This article originally appeared in Forbes.
In our last post, we studied the idea of upskilling and flow theory: Employees who are continually challenged, and offered professional development opportunities to meet those challenges, are given the chance to reach a state of flow. In other words, employees can gain a sense of working “in the zone” where intellect and ability are tested, and thus stay engaged and rewarded on a consistent basis.
In this post, we look at the “how” behind the “what,” explaining how HR leaders can chart these optimum paths for a plethora of individuals, each with their unique level of challenge and flow. To address this most human of characteristics at scale, data is critical but only effective if analyzed and interpreted with a goal in mind.
In 2006, British mathematician Clive Humby coined the phrase, “Data is the new oil.” His original intent was to describe data as something that, like oil, needed to be refined and transformed to be useful. Humby’s study of data came as he created the first-ever data-based consumer loyalty program for British supermarket chain Tesco. Through its implementation, he recognized that in gathering a continuous stream of transactional data, Tesco could refine lucrative business opportunities by understanding consumer buying habits. His observations convinced him that social media would only further solidify data as the key to predictive capabilities.
In 2020, as digital transformation accelerated at unprecedented rates due to Covid-19, technologist Tim O’Reilly challenged Humby’s metaphor in an opinion piece for The Information. He suggested that rather than being the new oil, “Data is the new sand”—one of the earth’s most abundant materials but one that only becomes something of value once it has been processed, researched and developed correctly. Using Google as an example, he pointed out that the search engine crawls the entire web, collecting and indexing trillions of data sources, using complex algorithms and AI to answer user questions 3.8 million times per minute. The value doesn’t come gushing from the ground as the oil metaphor suggests; rather, data mining requires constant and expensive ongoing efforts.
So it is in the realm of workforce management, where the endless dunes of data reveal the shapes of industries transformed by the winds of digitization, current workforce trends, skills of the future and projected business impact. To use O’Reilly’s terminology, enterprises that focus on amassing data for data’s sake will indeed gather plenty of sand, but what they do with it next determines its value.
In its Future of Work Trends report, Gartner points out that one such focus area is redefining skills criticality, in that skills needed to meet strategic organizational goals will no longer equate with individual roles. Talent mobility and career development depend on identifying and developing critical skills. Workforce data can inform best practices to provide this support but only if interpreted correctly. The focus on criticality is a good example of focusing on leading indicators within the vastness of data.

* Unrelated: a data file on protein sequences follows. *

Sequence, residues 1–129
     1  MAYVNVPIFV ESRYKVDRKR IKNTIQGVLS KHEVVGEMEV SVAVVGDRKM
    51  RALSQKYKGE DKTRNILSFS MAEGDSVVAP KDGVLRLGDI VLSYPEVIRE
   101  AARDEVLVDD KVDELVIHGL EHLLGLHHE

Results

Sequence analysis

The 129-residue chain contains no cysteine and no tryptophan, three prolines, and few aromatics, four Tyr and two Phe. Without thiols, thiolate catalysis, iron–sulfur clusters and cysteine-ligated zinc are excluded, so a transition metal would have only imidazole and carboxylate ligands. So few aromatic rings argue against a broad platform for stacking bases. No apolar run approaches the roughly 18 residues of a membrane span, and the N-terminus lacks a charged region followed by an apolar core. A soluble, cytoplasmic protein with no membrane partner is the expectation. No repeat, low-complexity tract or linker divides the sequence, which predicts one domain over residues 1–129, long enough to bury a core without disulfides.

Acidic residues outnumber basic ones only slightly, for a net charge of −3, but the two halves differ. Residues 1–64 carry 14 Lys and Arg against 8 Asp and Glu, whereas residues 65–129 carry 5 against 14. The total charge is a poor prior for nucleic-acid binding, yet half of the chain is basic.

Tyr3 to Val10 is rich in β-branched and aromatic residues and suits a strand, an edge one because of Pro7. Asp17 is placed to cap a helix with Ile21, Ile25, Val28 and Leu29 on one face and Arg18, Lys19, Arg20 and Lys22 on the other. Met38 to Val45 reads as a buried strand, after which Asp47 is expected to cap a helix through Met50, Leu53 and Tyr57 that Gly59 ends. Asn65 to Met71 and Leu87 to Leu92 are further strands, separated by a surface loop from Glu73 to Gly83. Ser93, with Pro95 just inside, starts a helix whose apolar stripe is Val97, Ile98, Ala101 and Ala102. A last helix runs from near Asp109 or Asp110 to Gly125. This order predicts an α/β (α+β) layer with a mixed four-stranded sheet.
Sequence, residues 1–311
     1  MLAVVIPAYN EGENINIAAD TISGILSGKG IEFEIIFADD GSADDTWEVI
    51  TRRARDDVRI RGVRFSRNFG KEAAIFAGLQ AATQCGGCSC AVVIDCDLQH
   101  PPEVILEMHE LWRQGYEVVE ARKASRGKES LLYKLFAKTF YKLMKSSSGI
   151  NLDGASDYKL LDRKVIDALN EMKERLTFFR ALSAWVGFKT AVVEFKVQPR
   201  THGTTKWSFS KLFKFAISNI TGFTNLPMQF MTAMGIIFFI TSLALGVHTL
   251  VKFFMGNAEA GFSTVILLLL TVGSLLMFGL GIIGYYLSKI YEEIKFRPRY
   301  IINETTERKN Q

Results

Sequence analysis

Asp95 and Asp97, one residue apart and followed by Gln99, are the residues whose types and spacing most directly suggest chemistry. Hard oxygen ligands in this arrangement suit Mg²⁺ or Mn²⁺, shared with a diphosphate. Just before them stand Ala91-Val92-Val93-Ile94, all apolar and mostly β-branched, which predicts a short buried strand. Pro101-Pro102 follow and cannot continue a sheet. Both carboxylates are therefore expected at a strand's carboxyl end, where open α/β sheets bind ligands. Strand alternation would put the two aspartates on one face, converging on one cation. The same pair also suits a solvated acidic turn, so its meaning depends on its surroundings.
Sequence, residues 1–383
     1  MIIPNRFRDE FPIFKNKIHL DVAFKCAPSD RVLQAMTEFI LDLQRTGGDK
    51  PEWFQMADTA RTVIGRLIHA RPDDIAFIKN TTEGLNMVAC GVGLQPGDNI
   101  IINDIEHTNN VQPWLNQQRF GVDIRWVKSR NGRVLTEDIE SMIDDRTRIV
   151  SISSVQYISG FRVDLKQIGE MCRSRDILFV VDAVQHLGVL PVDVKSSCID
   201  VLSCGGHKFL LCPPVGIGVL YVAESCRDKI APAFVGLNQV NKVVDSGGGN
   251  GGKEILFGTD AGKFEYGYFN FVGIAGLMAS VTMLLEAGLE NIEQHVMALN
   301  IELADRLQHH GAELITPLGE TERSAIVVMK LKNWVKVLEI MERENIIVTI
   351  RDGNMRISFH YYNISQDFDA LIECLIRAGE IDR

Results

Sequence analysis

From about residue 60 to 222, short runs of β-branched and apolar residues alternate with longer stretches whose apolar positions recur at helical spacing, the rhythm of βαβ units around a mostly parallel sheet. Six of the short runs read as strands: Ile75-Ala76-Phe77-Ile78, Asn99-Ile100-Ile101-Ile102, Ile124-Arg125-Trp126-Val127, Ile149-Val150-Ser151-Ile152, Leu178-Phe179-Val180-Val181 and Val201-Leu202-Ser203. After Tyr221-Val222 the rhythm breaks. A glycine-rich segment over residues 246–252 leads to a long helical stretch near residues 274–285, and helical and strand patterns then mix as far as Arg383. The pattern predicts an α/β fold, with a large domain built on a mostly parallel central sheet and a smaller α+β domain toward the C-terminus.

Artificial intelligence enables the processing, analysis and interpretation of billions of data points at speeds that were inconceivable even a decade ago. By collecting and harmonizing input to produce actionable insights, an enterprise can avoid the “DRIP” problem: data rich but information poor. This is arguably the biggest pitfall of the big data era. In other words, simply collecting the data is not enough. The data needs to be made actionable and inform HR processes from sourcing through screening and all the way to onboarding, development and career pathing.
For some enterprises, a crew of skilled data professionals—scientists, analysts and engineers—can direct collaborative efforts toward workforce and labor market skills taxonomies and job architectures to inform HR efforts. For others, as Gartner points out, enlisting external talent intelligence platforms can utilize analytics to identify trends in skill evolution and talent profiles. But what of enterprises without either option?
In these cases, HR leaders can benefit from a well-structured, empathetic introduction to AI-fueled data analytics. The change can be daunting for HR leaders who are not up to speed or are flat-out uncomfortable with adopting AI-driven capabilities. Without team buy-in, the risk of DRIP is high; proactive education and engagement are key to bridging that divide.
A logical first step in introducing AI to the skeptical is to point out the many ways AI is already playing a role in their day-to-day life. The playlist Spotify built for them, the book recommended by Goodreads or the morning weather forecast from Alexa all have become commonplace yet represent the power of AI to enhance (not replace) the human experience. Through education and engagement, HR leaders can upskill their own way to embracing AI as a tool that can free them up from repetitive tasks (setting up benefits enrollment systems and internal communication) to expediting critical talent acquisition processes (e.g., scanning hundreds of CVs in minutes versus screening them manually).
Structuring internal and external data, whether through an in-house data team, an upskilled HR staff or a third-party vendor can enable enterprises to keep pace with future workplace trends. HR needs to know the difference between proactively planning ahead or reactively responding in real-time.
Despite some early hesitancy around AI, the age of intelligence upon us now is a powerful milestone for both humans and machines. In the larger picture, by identifying future trends aligned with professional potential and upskilling opportunities, an empathetic approach to talent intelligence could help close the skills gap and secure future-proof worker employability.
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